Learn About Fortified Wines

How the heck are fortified wines made? If you’ve been following this wine blog and have wondered why I haven’t posted anything in a while or have wondered if that’s all there is to learn about wine, first off, no; no it’s not. I apologize for the long period between this and my last post; personal business has kept me away. Second, though I have time now to tell you all the great things you’ve ever wanted to learn about wine, you’re probably going to be disappointed with the short post I’m going to make today. Don’t fret, however; the posts following this one will renew your faith in this wine dork’s attempts at wine education. Consider this tidbit of wine knowledge a prelude of sorts. As I’ve been discussing the different types of wine production over the past several posts, I thought I should include fortified wines and how they are made. I covered them once before in my post, Fortified Wines, Pickled Homosapiens, but only to the degree of explaining what types of fortified wine are available. This time we will be looking at the production side. It’s going to be a long read, one spread out over [...]

Learn About Sparkling Wine Production Part II

Learn About Sparkling Wine Production If you missed the first part of this post, you can Learn About Sparkling Wine Production from the beginning by clicking the link. The last thing we talked about was the Champagne press and the different stages of pressing. Now let’s get into primary fermentation. Primary Fermentation and Assemblage Once pressed any matter that is left in the juice is allowed to settle and is chaptalized if needed. For the most part the juice for sparkling wine production is fermented in stainless steel tanks. However, some Champagne houses along with some New World producers of sparkling wine use oak. Fermentation takes about ten days to reach its end. After that time the sparkling wine may see secondary fermentation, or malo-lactic fermentation. Once the fermentation process is complete the wine is racked (removal of the lees or dead yeasts cells). As most sparkling wines are blends the finished product can come from several, even hundreds of different lots of sparkling wine just to create the cuvée. Remember cuvée is both free run juice and the term for blend. This is especially applicable to non vintage sparkling wines where the juice can come from several different harvests [...]

Learn About Sparkling Wine Production

Learn About Sparkling Wine Production It still makes me chuckle when I overhear certain types of people talk about wine. People who obviously know nothing about it, but who have read an article in Wine Spectator and have suddenly become experts on a subject. Let me explain. As a wine expert myself, (stop laughing) I hold a lot of wine tastings for different venues in my area and it always happens that there are a few beginner wine drinkers who show up, led by their new-to-wine friends who are always eager to share some new-found wine knowledge. Why they wait to share it at a public wine tasting I don’t know, but I suppose it’s to make themselves look good in front of their even greener wine-newb friends. As I said, for me, it just makes me laugh. No offense to the newb reading this if you saw me last weekend. So at this particular event I overhear a guy talking about wine production. He’s telling his lady friend all about the clarification process of winemaking, malo-lactic treatment, and it’s impressing me because for the most part he’s got it right. I was almost starting to think he’d been reading [...]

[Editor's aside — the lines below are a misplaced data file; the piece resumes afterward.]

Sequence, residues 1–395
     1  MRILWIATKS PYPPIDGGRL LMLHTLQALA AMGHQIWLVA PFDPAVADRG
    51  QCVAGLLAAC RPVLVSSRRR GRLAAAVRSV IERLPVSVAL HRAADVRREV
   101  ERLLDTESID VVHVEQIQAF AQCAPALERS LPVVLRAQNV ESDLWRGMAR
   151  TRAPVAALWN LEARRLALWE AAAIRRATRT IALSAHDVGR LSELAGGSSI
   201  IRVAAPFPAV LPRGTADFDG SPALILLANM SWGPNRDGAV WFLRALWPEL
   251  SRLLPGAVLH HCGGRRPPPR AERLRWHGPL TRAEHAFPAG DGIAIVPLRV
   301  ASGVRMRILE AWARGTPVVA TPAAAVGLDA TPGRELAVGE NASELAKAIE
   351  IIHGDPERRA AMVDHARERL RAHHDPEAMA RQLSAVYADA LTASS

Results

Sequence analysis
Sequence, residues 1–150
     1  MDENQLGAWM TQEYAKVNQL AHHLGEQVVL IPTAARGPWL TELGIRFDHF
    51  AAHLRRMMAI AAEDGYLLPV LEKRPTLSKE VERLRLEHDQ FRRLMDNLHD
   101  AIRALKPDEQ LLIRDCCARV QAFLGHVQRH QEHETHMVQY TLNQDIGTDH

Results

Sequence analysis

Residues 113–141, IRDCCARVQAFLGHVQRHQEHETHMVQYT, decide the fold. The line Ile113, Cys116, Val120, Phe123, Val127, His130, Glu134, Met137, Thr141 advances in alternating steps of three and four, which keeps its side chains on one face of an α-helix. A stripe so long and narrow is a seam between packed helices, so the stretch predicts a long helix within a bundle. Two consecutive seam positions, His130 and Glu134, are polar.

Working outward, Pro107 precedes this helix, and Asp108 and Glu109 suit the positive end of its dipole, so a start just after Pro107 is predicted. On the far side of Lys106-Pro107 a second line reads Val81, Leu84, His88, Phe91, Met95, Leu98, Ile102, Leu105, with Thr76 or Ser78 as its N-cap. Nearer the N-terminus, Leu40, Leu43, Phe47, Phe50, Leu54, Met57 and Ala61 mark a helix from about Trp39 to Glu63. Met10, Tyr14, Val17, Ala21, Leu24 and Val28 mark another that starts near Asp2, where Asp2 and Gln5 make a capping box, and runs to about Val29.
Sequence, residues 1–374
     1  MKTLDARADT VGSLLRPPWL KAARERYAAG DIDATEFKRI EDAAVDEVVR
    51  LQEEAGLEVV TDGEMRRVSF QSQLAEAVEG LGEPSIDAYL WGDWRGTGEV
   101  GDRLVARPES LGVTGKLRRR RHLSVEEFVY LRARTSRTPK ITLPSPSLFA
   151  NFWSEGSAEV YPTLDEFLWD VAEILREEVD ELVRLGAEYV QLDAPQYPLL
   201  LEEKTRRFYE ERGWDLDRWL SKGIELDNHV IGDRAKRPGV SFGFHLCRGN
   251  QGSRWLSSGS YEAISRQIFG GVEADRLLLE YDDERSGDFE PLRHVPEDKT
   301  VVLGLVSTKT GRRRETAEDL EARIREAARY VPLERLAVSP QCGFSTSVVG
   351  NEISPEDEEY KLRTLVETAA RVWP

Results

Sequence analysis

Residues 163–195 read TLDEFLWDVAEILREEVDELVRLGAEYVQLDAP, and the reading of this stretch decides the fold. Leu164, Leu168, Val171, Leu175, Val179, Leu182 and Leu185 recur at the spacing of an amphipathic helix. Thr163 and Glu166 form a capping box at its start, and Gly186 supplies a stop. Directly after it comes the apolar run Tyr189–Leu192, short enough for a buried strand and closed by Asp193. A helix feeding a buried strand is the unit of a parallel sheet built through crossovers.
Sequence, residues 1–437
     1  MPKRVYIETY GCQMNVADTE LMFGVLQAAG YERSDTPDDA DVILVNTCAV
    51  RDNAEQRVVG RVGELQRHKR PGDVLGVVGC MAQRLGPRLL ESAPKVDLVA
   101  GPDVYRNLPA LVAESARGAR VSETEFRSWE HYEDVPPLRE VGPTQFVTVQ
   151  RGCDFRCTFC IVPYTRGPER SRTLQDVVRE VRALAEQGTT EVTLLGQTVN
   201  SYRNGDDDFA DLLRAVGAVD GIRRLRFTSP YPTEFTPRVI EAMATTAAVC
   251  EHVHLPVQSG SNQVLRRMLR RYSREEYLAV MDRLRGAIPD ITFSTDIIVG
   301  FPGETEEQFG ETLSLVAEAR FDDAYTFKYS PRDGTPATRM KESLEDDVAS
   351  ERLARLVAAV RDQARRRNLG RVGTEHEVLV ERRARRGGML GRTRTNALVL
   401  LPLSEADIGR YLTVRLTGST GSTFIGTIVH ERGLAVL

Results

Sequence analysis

Learn About Red Wine Production: Part II

Learn About Wine Production Continuing with step three of red wine making, let’s learn about Pressing, Secondary Fermentation and Clarification in red wine production. Largely today, red wines are pressed either slightly before fermentation finishes or when the wine reaches its intended dryness level. Pressing enables all the juice to be extracted while allowing solids to be easily removed. Typically part of the production of white wines, especially with Chardonnay, some red wines do undergo malo-lactic fermentation after primary fermentation has completed. Malo-lactic fermentation is responsible for giving white wines that buttery flavor; in red wines it imparts toffee flavors which go unnoticed until the red wine has matured and thrown off its fruit-forward flavors and aggressive tannins. Clarification in red wines consists of a series of rackings, finings or filtrations. It can happen at any time before, during or after the aging process. It’s the same process as clarification in white wine production. Racking is simply the act of gravity pulling remaining sediment (lees) to the bottom of the juice as it sits idle. Fining utilizes binding agents that marry to small particles too to settle during racking. The weight of the newly bound sediment is heavy enough to [...]